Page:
The colossal Gomateshwara stands tall on its hilltop, like a lighthouse protecting the town of Shravanabelagola and benevolently guiding the traveller. This Jain holy place of rocks and palm trees breathes tranquillity.
Shravanabelagola (“Shravana’s white pond”) lies 150km from Bangalore, the state capital of Karnataka. It boasts two sacred hills, Vindhyagiri and Chandragiri. Tucked between them is a kund (bathing tank) called the bili-gola (“white pond”), from which the town takes its name.
The town has been a Jain holy place for over two thousand years. Bhagavan Bhadrabahu, the first great Jain master or Acharya, came from Ujjain (Madhya Pradesh) and settled in Shravanabelagola with his disciples. Chandragupta Maurya, the great emperor who ruled over a large part of India at the time, was so impressed by the monk that he passed his kingdom to his son and retired to the Shravanabelagola area.
A 18m granite colossus stands in meditative pose on Vindhyagiri hill, 134m above sea level. It was built in 981 CE, on the orders of a general called Chavundaraya, and is considered one of the largest monolithic statues in the world.
Gomateshwara, also known as Bahubali, was the son of Adinatha, the first Jain saint or Tirthankar. When his brother Bharata challenged him for the succession to the throne, the two brothers fought it out. Bahubali won but, suddenly struck by the futility of fighting for power, he renounced his throne and all worldly pleasures. He entered a deep meditation for a full year and attained kevali arihantha, the state of beatitude.
To reach Gomateshwara shrine you climb 647 steps. On the way you will pass the Odegal temple, so named because of the buttresses, called odegal, around the base. The temple is also called the Trikuta Basti and consists of three chambers, each with a Tirthankar carved in schist.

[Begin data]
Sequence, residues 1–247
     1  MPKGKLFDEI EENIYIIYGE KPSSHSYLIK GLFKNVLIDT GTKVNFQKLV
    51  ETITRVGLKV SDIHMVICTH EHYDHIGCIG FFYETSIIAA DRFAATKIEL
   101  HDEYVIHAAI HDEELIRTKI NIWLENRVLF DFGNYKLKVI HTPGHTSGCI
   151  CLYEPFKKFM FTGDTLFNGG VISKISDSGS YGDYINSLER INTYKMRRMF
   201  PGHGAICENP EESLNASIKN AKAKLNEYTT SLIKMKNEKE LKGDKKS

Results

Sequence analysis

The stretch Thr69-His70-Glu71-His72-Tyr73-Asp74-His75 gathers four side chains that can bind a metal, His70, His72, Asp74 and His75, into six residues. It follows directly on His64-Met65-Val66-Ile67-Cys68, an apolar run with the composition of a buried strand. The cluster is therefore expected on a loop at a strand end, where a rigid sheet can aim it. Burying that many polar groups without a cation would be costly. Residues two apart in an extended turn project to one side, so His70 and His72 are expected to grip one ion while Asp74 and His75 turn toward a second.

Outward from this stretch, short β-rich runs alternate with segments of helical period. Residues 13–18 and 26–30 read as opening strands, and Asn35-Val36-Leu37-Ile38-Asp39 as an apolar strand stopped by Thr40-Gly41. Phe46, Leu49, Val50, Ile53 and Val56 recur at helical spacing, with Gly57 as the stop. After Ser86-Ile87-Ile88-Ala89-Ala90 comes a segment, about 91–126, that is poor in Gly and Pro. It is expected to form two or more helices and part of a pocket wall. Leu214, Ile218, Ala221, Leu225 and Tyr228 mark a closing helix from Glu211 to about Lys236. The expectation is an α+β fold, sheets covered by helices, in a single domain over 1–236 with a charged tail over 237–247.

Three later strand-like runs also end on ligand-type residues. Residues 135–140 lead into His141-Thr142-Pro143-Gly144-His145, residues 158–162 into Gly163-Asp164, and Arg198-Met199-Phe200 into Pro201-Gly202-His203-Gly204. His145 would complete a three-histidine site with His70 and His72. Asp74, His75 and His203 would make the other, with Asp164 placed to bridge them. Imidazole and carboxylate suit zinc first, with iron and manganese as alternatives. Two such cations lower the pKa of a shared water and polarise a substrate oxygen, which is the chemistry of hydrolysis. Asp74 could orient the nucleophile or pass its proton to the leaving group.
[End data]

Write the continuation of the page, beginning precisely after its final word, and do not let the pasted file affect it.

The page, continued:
Every twelfth year thousands of faithful gather at Gomateshwara temple to perform the Mahamastakabhishekam, a spectacular ceremony in which the statue is anointed with various substances such as coconut juice, sugarcane juice, milk, ghee, saffron, sandalwood paste, turmeric, gold coins and precious stones. The next Mahamastakabhishekam takes place in 2018.
Opposite Vindhyagiri Hill stands the equally rocky 61m Chikka Betta or Chandragiri Hill, with a group of religious structures on its summit. Some of them are remarkable:
Brahma Stambha, a huge decorative carved pillar;
Kattale or Padmavathi temple, which houses an idol of Yakshi Padmavathi and a huge schist statue of Adinatha.
Chandragupta temple, which boasts a wall full of carvings recounting the life of Chandragupta, a king of the Maurya dynasty.
Bhadrabahu Cave, which is supposed to be the tomb of the Jain master Bhadrabahu. You can see his footprints there.
Bharata, a statue of Bahubali’s brother, buried up to his knees.
A ‘matha’ is a Jain ashram. This matha is thought to have been renovated in the 18th century. Chavundraya is said to have founded it and settled his master, Namichandra Siddhantadeva, here. The open space in the middle has been covered in with a glass roof. There are three garbhagrihas (inner sanctums) and numerous wall colourful paintings depicting audiences with the king Krishnaraja Wodeyar III, the Tirthankars, etc.
Beside the Mathada Basti stands a temple built in 1159 by Bhandari Hullayya, treasurer to the Hoysala king Narasimha. The rectangular building is called the temple of the 24 Tirthankars. Its garbhagriha is surrounded by 12 pillars. One of the walls is decorated with the 24 Tirthankars and the entrance door boasts some finely carved dancing figures.